This time however I’m going to select to Use Another Quiz’s Questions and from the dropdown box select the name of the quiz that I would like to draw questions from. When selecting the quiz, you’re given the option to either use exact questions or  use same selection script. If you choose to use the exact questions, you will get exactly the same questions as you used when creating the original quiz. If you choose to use the same selection script, the quiz you are creating here will use the same question selection rules as the first quiz (if I was to choose this here, I would create another quiz that pulls 5 random questions from each of my categories but not necessarily the same questions).

In my case I want to use the same exact questions, so I’m going to select Sample Variation 1 (use exact questions). I’m also going to make sure I leave the Shuffle Question Order box checked to make sure that the question order gets shuffled.  Once you’ve selected how you want this variation to work, click the Publish button to create the new quiz.


Now in my Printed Quizzes tab I’ll see both quizzes I’ve created. Even though they both use the same exact question, the order that those questions are presented are different between the two quizzes. If I wanted to create a third quiz, I’d follow the same steps I used to create the second one. Now when you distribute these quizzes to your students, you can have three different quizzes on the same subject matter – each with there own answer key.

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Color Tagging Quizzes in Easy Quiz Maker

Easy Quiz Maker 9 has added a new level of tagging and sorting both your printed and web quizzes to make organizing your quiz projects that much easier. There are five different color tags available to use – Blue, Green, Red, White (the default), and Yellow.


To get started using the color tagging feature, we’ll assume you already have a quiz project set up and have a created a few Printed Quizzes.  To tag a quiz as a certain color, click on the icon for the quiz you would like to tag (highlighting it), then click on the Set Color icon for the toolbar at the top. When you click on the Set Color, you’ll be presented with the 5 different color options available to you. Simply select on of those colors from the list.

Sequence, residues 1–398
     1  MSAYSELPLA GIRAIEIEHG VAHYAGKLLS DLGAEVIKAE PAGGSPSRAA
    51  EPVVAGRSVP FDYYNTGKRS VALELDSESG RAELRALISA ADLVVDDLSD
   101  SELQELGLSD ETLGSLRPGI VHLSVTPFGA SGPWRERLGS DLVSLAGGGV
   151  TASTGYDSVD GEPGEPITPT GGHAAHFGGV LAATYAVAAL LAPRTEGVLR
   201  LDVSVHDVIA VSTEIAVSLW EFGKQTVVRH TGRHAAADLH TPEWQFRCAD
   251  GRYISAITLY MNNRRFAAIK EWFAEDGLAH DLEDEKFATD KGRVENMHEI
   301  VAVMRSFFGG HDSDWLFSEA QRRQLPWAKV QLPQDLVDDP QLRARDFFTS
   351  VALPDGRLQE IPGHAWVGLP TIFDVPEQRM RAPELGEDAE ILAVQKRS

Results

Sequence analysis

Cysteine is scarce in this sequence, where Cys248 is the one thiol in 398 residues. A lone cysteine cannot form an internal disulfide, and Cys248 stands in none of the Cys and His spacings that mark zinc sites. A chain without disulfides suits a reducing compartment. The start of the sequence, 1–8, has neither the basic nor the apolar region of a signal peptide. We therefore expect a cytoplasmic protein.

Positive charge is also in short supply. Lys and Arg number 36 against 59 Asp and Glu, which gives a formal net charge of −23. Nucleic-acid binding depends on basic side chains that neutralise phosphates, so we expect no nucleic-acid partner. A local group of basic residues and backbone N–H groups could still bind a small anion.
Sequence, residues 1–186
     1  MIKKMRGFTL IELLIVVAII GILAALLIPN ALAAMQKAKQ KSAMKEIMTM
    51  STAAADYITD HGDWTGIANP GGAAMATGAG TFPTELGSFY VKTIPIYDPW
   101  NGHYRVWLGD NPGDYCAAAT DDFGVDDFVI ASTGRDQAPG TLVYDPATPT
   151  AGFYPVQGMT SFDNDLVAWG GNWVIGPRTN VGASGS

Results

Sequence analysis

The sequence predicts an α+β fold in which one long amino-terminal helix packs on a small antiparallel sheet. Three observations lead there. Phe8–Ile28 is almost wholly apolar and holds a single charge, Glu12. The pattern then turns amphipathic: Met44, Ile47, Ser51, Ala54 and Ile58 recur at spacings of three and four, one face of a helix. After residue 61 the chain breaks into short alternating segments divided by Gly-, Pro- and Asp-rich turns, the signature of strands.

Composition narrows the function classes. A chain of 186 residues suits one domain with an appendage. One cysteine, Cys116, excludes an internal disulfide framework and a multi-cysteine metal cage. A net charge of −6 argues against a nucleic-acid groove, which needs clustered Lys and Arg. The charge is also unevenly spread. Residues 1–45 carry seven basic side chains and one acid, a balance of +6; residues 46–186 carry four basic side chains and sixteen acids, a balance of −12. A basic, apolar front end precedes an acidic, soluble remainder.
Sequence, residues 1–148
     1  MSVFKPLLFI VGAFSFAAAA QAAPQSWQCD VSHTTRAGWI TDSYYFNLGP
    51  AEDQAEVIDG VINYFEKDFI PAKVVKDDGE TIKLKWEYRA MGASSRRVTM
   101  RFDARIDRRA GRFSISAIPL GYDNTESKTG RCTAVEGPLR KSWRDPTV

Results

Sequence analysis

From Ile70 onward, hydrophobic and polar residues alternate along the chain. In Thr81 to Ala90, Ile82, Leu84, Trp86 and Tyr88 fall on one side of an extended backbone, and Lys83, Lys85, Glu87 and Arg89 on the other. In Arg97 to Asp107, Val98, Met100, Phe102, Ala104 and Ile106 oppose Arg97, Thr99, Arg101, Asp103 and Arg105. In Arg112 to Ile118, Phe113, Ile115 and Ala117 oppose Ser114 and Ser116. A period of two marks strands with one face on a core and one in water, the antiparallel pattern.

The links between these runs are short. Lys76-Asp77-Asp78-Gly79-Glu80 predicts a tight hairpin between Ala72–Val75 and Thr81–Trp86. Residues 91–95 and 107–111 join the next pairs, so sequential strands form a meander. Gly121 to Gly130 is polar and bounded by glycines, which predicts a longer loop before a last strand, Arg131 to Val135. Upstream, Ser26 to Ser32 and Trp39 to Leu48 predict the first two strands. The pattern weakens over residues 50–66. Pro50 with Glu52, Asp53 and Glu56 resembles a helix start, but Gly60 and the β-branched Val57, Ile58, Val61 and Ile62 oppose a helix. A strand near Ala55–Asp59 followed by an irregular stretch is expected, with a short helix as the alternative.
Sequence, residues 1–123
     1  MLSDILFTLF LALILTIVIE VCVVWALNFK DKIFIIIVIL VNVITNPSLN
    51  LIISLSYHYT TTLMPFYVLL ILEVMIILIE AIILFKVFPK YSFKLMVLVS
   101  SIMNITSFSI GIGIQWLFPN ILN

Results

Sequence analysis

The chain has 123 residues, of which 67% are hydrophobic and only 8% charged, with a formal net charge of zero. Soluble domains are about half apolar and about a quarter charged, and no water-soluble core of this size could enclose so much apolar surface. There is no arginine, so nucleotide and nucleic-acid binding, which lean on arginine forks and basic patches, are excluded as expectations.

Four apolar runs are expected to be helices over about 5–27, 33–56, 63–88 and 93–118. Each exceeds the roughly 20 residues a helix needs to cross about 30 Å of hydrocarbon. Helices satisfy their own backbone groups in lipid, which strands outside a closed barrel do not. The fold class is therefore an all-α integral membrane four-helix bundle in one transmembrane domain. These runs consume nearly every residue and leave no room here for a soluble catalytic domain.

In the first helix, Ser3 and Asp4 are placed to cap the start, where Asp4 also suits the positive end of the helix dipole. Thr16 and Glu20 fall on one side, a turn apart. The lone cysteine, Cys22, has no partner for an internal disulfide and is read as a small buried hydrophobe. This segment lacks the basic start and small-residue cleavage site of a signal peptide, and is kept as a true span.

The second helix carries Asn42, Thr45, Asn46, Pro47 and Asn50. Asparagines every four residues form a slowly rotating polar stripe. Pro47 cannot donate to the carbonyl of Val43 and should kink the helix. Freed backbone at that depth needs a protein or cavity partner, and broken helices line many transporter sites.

By selecting Red from the list above, this will tag my quiz as red. Once I’ve tagged my quiz as a certain color, the icon of that quiz will change to reflect the color that it has been tagged. Assuming that I go through and tag a few other of my quizzes different colors, my Printed Quiz screen might look something like this:


As you can see from the picture above, I’ve tagged two of my quizzes red, one of my quizzes yellow, one of my quizzes blue, and left the quiz as the default white.  Now that I have my quizzes tagged in the appropriate colors, I can easily filter the quizzes displayed to me using the color options to the right of the Listing Filter.  This can become particularly useful if you have many quizzes that you needed to easily sort. In my case, I might have decided that red quizzes are on the subject of history, while yellow quizzes are on the subject on math.

If I only wanted to display history quizzes (in my case red quizzes) – I’d simply uncheck the boxes next to each of the colors that I did not want to display, while leaving the color(s) I want to display checked.